parvez sharma brief biography
noun | bi·og·ra·phy | bī-ˈä-grə-fē also bē- \
| an account of the life of something (such as an animal, a coin, or a building) |
| first known use: 1665 |
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*Bio read time (ends = Parvez+Obama pic) = 3.38 minutes!
* important‼️ this is a “kind of not complete” bio. If you seriously want to work with Parvez or hire him please click the buttons to get the nuts and bolts
2018 Guggenheim fellow, filmmaker, author Parvez Sharma grew up in a small town in northern India, just twenty minutes from the Islamic seminary that gave birth to the Taliban, while enrolled at a Catholic school called St. Mary’s Academy. Sanskrit was a third language and P.E. was Yoga. He excelled at neither. Adding to this unusual childhood was an early realization that he absorbed the world in images, aspect ratios and stories. Sanskrit was a third language and PE was Yoga. He excelled at neither. By 12 he has (inappropriately perhaps) speed-read his mother’s copy of “Gone with the Wind” and even gotten his hands on Christopher Isherwood’s, “Berlin Diaries”! By 13 he was precociously photographing “everything” with a pretty basic Vivitar camera his American cousins had gifted him. His fate was thus sealed; a life behind the camera and also a wordsmith.
rare “production stills”; for the two two films mentioned below parvez had to unlearn a lot; including having a crew
In a filmography spanning four continents two of his best-known films (during the decade he has lived in America) are the multiple award winning “A Jihad For Love”and “A Sinner in Mecca”, playing at TIFF, Berlinale, IDFA and more than a hundred other film festivals globally; available on streaming platforms like Netflix and Amazon Prime, broadcast on 33 television channels in as many nations and also theatrical releases. The worldwide press and controversy these two films generated were unprecedented and Jihad has been seen by approximately 8 million people. Parvez has always made fearless, multiple award-winning films about politics, faith, race, identity, religious extremism and social justice and taken them (on speaking tours and town halls) to the corridors of Congress, the DHS and DOS, the UN and the EU parliament, high-schools, all the ivy’s and even the Dar ul Uloom uber Islamic seminary in India. He lives the reality that cinema can create (real) change. But unlike many “activist” filmmakers he does not think they can easily change an increasingly perilous planet. But yes, one film is equal to a hundred conferences, power-point presentations and all the money non-profits waste on things that cinema can solve better and faster!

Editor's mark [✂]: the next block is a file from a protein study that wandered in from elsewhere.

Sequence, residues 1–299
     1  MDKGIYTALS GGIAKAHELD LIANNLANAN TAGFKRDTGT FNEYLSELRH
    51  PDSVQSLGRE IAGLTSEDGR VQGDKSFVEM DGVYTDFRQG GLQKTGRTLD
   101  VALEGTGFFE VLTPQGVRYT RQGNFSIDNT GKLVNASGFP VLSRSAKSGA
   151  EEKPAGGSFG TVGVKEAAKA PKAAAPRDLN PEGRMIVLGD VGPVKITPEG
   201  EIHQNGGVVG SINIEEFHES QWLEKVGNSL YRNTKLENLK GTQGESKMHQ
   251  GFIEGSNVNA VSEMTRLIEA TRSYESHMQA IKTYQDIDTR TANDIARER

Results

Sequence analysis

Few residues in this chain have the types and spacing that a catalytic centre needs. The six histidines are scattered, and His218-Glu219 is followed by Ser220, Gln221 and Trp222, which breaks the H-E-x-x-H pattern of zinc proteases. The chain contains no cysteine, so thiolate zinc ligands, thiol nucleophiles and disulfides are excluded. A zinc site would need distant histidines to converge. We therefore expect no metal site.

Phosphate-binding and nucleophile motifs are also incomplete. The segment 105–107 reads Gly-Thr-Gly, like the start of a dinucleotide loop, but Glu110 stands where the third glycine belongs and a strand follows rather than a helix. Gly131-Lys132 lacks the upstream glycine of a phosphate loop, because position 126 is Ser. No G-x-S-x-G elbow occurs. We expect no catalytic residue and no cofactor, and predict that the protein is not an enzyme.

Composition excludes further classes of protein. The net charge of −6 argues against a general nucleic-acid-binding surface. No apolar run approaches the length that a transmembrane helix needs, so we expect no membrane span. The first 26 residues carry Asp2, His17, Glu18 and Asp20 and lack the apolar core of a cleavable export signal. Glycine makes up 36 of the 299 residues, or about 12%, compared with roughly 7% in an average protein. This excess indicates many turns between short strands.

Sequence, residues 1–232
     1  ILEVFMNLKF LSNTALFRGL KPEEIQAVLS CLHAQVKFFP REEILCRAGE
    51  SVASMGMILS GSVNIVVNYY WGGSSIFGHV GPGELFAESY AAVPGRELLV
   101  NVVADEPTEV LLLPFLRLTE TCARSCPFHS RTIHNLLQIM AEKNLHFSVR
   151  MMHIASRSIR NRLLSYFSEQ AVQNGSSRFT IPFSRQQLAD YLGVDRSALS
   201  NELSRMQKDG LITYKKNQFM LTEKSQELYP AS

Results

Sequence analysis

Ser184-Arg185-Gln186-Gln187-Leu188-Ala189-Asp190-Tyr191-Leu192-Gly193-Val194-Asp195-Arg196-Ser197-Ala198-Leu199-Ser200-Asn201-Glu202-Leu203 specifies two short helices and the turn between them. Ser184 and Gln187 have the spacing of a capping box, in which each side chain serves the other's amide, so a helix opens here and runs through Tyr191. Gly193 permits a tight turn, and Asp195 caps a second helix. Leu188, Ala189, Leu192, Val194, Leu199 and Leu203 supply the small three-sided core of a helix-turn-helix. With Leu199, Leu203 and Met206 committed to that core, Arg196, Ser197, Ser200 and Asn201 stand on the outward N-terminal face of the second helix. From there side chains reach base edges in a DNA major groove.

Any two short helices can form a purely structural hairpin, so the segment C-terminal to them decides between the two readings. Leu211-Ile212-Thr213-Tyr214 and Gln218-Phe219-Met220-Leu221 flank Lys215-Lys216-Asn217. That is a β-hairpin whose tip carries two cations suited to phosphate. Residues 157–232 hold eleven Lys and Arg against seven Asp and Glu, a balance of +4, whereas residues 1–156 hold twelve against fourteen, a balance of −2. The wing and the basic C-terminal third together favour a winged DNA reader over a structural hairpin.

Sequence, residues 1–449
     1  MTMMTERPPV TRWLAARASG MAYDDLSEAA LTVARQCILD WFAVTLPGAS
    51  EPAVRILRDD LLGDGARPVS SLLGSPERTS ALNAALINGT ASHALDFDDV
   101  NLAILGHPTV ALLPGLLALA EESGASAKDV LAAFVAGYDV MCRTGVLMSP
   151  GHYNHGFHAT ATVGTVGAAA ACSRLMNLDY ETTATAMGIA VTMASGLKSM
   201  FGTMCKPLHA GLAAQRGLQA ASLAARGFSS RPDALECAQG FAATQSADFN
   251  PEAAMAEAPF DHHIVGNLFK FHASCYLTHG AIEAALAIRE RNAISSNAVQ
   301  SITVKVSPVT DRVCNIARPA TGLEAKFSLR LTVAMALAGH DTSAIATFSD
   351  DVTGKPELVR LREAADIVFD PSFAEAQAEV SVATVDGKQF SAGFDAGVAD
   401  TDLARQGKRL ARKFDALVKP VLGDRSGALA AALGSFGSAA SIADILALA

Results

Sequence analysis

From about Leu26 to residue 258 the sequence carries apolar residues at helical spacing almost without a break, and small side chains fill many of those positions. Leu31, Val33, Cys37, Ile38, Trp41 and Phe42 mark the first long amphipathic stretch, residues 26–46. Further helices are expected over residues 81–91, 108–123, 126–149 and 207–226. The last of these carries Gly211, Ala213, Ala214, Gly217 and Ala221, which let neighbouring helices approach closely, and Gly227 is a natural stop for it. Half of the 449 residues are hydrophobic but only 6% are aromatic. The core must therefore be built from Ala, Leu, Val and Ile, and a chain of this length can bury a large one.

Parvez’s career has been one of many firsts. Jihad was the world’s first film on homosexuality and Islam and Sinner the world’s first documentary filmed on an iPhone in Mecca, Saudi Arabia, under threat of beheading.Parvez’s multiple award winning creations of what he calls Cinema 3.0 continue to ruffle feathers. From being a NYT Critics’ Pick to being hailed as a “gifted filmmaker” by the Wall Street Journal, an “iconoclast” by Vice, “an extremely polite spy” by the NY Times and “carrying out an attack on Islam” by Ayatollah Khamenei’s regime in Iran, His recently released book (a thoughtful and factual examination of the deep links between Saudi Arabia’s Islam and ISIS) has received much attention; “A Sinner in Mecca, A Gay Muslims Hajj of Defiance”, says the Guardian is written “with a deep knowledge of Islamic history and with courage and fierce emotion.” Over the years Parvez has survived hate mail, death threats, trolling, fatwa’s calling for his death, awards and honors, good and bad reviews and more. Jihad, Sinner and his book complete his “Islam Trilogy”. Parvez was named one of “50 visionaries changing the world” in a list headed by the Dalai Lama. In his view each film he makes is a building block (with newer lessons) in a diverse and celebrated body of work he hopes to leave as legacy. With two new, game-changing films, mandated by his brand-new Guggenheim fellowship; he is finally out of rehab for his Game Of Thrones addiction and back to where he belongs: behind the camera. In the past, Parvez wore many hats including a journalist plus blogger on Kashmir (1998), Egypt (2011) and Tehran (2009) with India’s NDTV, the BBC, Democracy Now! Huffington Post and the Daily Beast. Grants and awards include the Andy Warhol Foundation, Sundance, Ford and about 28 more. At universities he has taught on subjects like Bollywood anthropology, the social web and middle-eastern studies. He works best in situations of peril where he can create and “find” cinema. Many have called his work,“guerrilla filmmaking” Former first lady Michelle Obama, Amnesty International, Human Rights Watch, GLAAD and many more have hailed Parvez’s work as “heroic” “exemplary” and “path-breaking” In July, 2013 Jihad was named one of the “25 most influential films on religion in the 20th century” Parvez believes “you are only as good as your next film”